There’s no doubt in the world that Labrador dogs are one of the best companion dogs to have. Labradors are loyal, intelligent, and kind. So if you’re thinking of adding in Labrador puppies to the family, you must also do your homework in knowing what this dog breed can offer. Check out our Labrador dog guide below to get the information you need!
Are Labrador Retrievers Good Dogs?
- Loyal, happy, and very friendly
- Love outdoor activities and play
- Easily trainable when puppies
- Easily bored
There’s absolutely nothing you can hate about Labradors and that makes them one of the ideal pet choices for first-time pet owners. They’re a very loyal, friendly, and happy dog breed, which is just a delight to have around the family. They are people dogs and they love engaging in activities with anyone, even greeting a guest at the door excites them! They love outdoor activities like running, swimming, and playing fetch.
Now since Labrador Retrievers are people dogs, they are also keen on pleasing the people around them. This characteristic lets them be trained without a hitch. However, it is best to start training them as puppies as adult Labs can get rowdy during training. This is simply because they’re full of energy and having to diligently listen through training is a boring thing for them. Moreover, it is a must to teach your Lab commands like “Stay!” “Down!” and other simple obedience commands early on.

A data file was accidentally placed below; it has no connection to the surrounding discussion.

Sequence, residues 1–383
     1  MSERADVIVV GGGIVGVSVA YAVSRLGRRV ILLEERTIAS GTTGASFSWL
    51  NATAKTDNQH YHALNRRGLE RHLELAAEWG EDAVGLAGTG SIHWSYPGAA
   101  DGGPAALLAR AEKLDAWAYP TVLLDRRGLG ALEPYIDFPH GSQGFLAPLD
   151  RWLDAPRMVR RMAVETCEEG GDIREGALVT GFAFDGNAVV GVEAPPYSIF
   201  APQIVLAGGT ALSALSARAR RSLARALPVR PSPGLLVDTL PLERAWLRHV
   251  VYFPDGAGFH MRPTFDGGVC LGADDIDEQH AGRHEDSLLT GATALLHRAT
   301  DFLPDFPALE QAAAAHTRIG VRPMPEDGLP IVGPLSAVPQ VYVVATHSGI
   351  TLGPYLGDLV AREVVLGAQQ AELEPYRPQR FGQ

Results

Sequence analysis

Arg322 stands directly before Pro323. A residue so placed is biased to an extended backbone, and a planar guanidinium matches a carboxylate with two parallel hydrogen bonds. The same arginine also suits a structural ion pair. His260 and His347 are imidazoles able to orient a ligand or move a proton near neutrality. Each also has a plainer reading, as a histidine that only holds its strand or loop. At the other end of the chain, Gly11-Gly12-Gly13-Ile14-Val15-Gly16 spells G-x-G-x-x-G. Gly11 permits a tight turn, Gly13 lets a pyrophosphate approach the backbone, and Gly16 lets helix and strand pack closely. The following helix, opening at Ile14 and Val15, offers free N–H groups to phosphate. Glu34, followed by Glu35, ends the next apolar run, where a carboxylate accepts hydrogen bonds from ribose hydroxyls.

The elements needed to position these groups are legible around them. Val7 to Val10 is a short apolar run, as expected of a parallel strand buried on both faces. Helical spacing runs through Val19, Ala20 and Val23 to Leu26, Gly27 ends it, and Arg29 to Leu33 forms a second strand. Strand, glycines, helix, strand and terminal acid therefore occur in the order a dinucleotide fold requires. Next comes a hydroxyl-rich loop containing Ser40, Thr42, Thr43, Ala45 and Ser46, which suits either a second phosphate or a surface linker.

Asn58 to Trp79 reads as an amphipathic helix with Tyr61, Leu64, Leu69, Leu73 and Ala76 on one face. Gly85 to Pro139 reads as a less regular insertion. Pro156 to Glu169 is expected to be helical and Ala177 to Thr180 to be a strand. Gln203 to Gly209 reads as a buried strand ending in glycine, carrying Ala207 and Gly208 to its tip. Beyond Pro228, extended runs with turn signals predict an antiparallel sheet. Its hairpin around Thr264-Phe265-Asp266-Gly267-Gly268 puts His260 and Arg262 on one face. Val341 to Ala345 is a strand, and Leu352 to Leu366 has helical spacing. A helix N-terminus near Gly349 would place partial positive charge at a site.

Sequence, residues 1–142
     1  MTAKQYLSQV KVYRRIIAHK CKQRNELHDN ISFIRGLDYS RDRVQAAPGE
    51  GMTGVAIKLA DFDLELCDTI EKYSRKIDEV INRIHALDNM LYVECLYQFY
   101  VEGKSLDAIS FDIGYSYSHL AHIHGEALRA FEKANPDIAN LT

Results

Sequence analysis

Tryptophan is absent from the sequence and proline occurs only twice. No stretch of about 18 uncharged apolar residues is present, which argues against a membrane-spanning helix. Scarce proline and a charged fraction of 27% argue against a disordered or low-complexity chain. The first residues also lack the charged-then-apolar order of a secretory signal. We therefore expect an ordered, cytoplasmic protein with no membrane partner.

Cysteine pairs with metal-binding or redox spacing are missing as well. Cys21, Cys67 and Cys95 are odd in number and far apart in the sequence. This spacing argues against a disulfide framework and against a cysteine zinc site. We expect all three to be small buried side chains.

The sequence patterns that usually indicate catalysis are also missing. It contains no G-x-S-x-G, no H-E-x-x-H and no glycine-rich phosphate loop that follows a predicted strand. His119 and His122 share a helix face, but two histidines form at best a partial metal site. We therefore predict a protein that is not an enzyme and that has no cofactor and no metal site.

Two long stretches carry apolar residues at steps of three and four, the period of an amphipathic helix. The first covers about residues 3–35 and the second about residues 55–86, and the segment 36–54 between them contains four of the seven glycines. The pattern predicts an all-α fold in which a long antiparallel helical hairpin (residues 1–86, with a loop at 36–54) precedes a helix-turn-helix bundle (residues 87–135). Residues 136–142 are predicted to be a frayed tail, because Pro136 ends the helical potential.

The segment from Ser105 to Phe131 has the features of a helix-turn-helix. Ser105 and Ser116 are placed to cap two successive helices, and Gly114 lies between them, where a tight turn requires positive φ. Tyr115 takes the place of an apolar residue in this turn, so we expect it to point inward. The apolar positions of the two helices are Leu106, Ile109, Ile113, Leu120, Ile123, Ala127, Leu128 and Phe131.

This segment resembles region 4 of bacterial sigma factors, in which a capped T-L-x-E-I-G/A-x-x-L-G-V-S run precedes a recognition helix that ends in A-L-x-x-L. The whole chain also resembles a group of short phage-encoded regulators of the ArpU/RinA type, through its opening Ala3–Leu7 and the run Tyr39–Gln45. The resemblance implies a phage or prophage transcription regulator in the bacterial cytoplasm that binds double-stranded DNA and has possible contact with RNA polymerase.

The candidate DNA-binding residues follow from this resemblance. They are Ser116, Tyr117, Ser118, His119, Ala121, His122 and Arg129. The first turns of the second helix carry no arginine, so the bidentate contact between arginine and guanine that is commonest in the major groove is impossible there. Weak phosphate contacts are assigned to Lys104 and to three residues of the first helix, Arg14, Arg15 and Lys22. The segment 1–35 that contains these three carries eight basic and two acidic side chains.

The best way to approach training a Lab is to make training appear like play time since they love to play! This way, you will get their full attention and participation.
On the other hand, the only thing you need to worry about is their chewing and mouthing problems, which is fairly common among Labradors. Being highly energetic dogs, they always need something to keep them preoccupied. Give them chew toys so they won’t target your shoes and furniture. Oh! These dogs can also get pretty clumsy when they’re young–another reason to train them as early as puppyhood!
Size & Color:
- Strong and sturdy built
- Athletic and agile body
- Has otter tail and webbed feet
- Black, yellow, chocolate coat